From all of us at A Fleeting Glimpse we want to send Nick Mason our very best wishes and hope he has a great day celebrating his 74th Birthday.
11:00am Friday 26th January, BBC Radio 4 is setting out on an exploration of the creative mind.
Gerald Scarfe‘s drawings have intrigued and alarmed for more than fifty years but where do his ideas come from? Professor Vincent Walsh of the Institute of Cognitive Neuroscience has a theory he wants to pursue. Vincent is an expert in the workings of the visual brain; he thinks that two specific areas may be talking to each other in an unexpected way, resulting in recognisable faces being mixed up with recognisable objects, hence Mrs Thatcher as an axe, a handbag, and even a shark.
Now, cartoonist and neuroscientist are going to meet.
“I for one would be fascinated to know what’s going on in my brain – please pursue this,” says Gerald Scarfe.
Dave Harris has just released an update on his social media regarding the release of the Zee – Identity project which was scheduled for a release in Decemer 2017 but was pushed back for various reasons, it appears now we know the answers why.
“ Hi ZEE Friends and followers. Happy 2018. Here we go again!
I must apologize for the time it has taken to get the album released. There has been a lot of work involved along the way and now we have reached the point of legal wrangling. As you might know I have taken meetings with Gala and Jamie who now control ‘Richard Wright music’ and they are very happy regarding the digitization of the original album and the new track, which has been completed from a demo idea Rick and I had at the time.
At present the lawyers of ‘Pink Floyd music’ are also working on an agreement as they are the company who own the rights to ‘Identity’.
This is after a meeting at the beginning of the New Year. That is something I cannot push at this time…….. Obviously PFM is a very large company, but I am told there should be no problems.
So, that is where we are at! I will keep you posted as we go along. Please bear with me and I feel positive of a release or pre release date soon. I thank you for your patience, for me it has been very frustrating too, but I am sure the end result will be well worth the wait.
With love,Dave “
Reinventing Pink Floyd: From Syd Barrett to The Dark Side of the Moon
by Bill Kopp
(Rowman & Littlefield 2018, 200 pgs.)
For Pink Floyd fans, the 2016 release of The Early Years 1965-1972 boxset was a way in which to finally, near-comprehensively, possess officially-sanctioned completitist status for roughly one-third of the band’s storied history, including an era (which I refer to as “Transitional Floyd”) which is alternately derided and cherished by fans and band members alike. It also granted an opportunity for cultural critics to closely examine the historical movement of a band looking to evolve in all ways: artistically, musically, financially. Music journalist Bill Kopp is one of the first to do so with his book Reinventing Pink Floyd, which traces the trajectory of the band’s history through a primarily musical analysis of the years 1966 through 1973, from their professional debut with the early singles and the album The Piper at the Gates of Dawn to the worldwide popularity and iconic status as granted by the release and success of the 1973 album The Dark Side of the Moon.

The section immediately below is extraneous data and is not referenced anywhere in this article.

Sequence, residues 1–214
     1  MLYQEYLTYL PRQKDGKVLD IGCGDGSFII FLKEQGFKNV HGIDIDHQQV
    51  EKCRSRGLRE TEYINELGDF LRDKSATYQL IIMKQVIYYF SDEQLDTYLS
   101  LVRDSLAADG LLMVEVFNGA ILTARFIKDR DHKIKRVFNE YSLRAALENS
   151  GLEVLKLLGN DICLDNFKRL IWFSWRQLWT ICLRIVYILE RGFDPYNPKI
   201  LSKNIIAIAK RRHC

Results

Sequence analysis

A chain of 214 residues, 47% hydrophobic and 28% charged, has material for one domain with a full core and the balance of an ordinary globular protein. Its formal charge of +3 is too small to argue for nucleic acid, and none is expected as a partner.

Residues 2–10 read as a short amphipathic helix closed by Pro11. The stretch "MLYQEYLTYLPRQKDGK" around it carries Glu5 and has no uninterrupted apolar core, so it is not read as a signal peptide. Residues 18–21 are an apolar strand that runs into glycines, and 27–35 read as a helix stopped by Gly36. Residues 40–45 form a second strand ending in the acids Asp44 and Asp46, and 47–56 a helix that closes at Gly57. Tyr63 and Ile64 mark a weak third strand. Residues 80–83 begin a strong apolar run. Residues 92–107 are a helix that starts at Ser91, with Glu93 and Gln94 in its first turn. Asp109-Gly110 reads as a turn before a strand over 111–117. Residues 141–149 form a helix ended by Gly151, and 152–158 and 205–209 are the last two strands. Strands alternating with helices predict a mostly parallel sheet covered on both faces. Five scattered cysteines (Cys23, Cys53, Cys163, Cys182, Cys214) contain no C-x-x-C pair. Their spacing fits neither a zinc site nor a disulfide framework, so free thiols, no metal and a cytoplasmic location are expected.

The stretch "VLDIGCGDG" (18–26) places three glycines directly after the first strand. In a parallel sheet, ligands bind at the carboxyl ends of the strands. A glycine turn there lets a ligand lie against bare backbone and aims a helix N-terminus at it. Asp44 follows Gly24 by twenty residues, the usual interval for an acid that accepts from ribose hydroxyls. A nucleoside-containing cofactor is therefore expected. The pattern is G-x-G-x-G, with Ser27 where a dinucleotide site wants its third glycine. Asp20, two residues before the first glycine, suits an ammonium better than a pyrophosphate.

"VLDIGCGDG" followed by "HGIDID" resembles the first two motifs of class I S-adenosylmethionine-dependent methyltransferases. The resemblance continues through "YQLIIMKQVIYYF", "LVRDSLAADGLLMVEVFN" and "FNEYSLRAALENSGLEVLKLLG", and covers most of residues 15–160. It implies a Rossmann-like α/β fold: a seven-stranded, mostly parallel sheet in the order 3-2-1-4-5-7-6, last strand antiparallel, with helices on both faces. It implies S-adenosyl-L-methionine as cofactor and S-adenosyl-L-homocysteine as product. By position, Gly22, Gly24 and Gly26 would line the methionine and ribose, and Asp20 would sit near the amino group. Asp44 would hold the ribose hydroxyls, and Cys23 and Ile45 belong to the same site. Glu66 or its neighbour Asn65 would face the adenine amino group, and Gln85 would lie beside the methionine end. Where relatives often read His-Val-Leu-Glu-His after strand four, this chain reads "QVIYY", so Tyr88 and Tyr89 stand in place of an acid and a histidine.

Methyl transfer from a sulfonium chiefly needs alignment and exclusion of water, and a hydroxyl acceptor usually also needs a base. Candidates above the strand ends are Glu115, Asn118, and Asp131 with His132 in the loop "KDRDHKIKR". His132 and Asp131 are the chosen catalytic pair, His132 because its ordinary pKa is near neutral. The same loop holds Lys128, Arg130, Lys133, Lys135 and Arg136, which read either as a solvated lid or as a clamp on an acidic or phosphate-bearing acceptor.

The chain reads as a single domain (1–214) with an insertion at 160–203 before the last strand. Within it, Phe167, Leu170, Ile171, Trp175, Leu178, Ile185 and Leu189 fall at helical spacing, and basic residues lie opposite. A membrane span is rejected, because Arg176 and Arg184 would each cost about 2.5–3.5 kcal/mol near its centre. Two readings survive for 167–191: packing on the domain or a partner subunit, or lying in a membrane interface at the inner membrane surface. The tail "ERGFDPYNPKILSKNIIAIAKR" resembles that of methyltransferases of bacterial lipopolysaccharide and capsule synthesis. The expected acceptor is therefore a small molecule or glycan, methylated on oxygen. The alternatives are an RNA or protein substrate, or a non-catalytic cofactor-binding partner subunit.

What occurred between these points has been previously chronicled by other journalists and archivists, but more from a perspective of personal and cultural history, and less so in terms of musical analysis and artistic development. The only other book extant which focuses on this particular period of the band’s evolution is Barry Miles’ The Early Years, published in 2006.
As I’ve noted, Kopp’s chronicle is focused squarely on the music – as he states in his introduction (cleverly-titled “Why (Another Book About) Pink Floyd?”), his thesis is directly presented to the reader, who may or may not consider themselves thoroughly familiar with the band’s history. “The goal of…[the book]…is to explore that little-known period, discovering clues to the band’s eventual direction by examining what Pink Floyd did in those years.”
Pink Floyd could be considered to have an organic evolution as an artistic entity, initially gaining notice as a live act (although one which not everyone believed they understood) and then as a group with an eccentric charismatic leader directing their early output then withdrawing from public life and potential ascendancy almost as quickly as he had been awarded acclaim.
In the years to follow the band would gain a new guitarist and work collaboratively to experiment with style, structure, mood and the expressive concerns which would come to inform what is considered the greatest output of their oeuvre. As Kopp states: “The Dark Side of the Moon didn’t create itself out of nothing,” and the albums, side projects and performances all contain indicators of what was to finally coalesce in the grand statement of DSotM.
Those five years between Syd Barrett’s departure and the release of Dark Side is full of activity and interesting experiments in an era which was much more indulgent of such creative wandering. Besides the albums there are sections dealing with other notable projects, such as “The Man and The Journey” and “Embryo,” which were each performed live but never officially released on record. The involvement of the band (save Nick Mason) on Syd Barrett’s two solo albums The Madcap Laughs and Barrett is also detailed and analyzed.
Kopp’s book leads the reader through each year of the chosen span, each section covers a single year (although 1970 is broken up into two sections, while the years 1971-1973 are combined into two sections) chronicling the major artistic developments, assessing each project, and also commenting upon all the band’s performances on BBC Radio, championed as they were by such national tastemakers as John Peel. In each section all of the music is examined from stylistic and thematic perspectives in terms of how it developed and was utilized, as well as a critical examination of its’ inherent potential or lack thereof.
Kopp’s style is thoroughly professional – well-written and with a polished flow – weaving together chronology and critical commentary, supporting quotes from historical sources, and the perspective of those involved to create an informative and interesting document of the era, which should allow long-time fans to perhaps reassess their own opinions of the period, and illustrating for newer fans that there is inherent value to those formative experiments – even those which are considered rather outre and indulgent.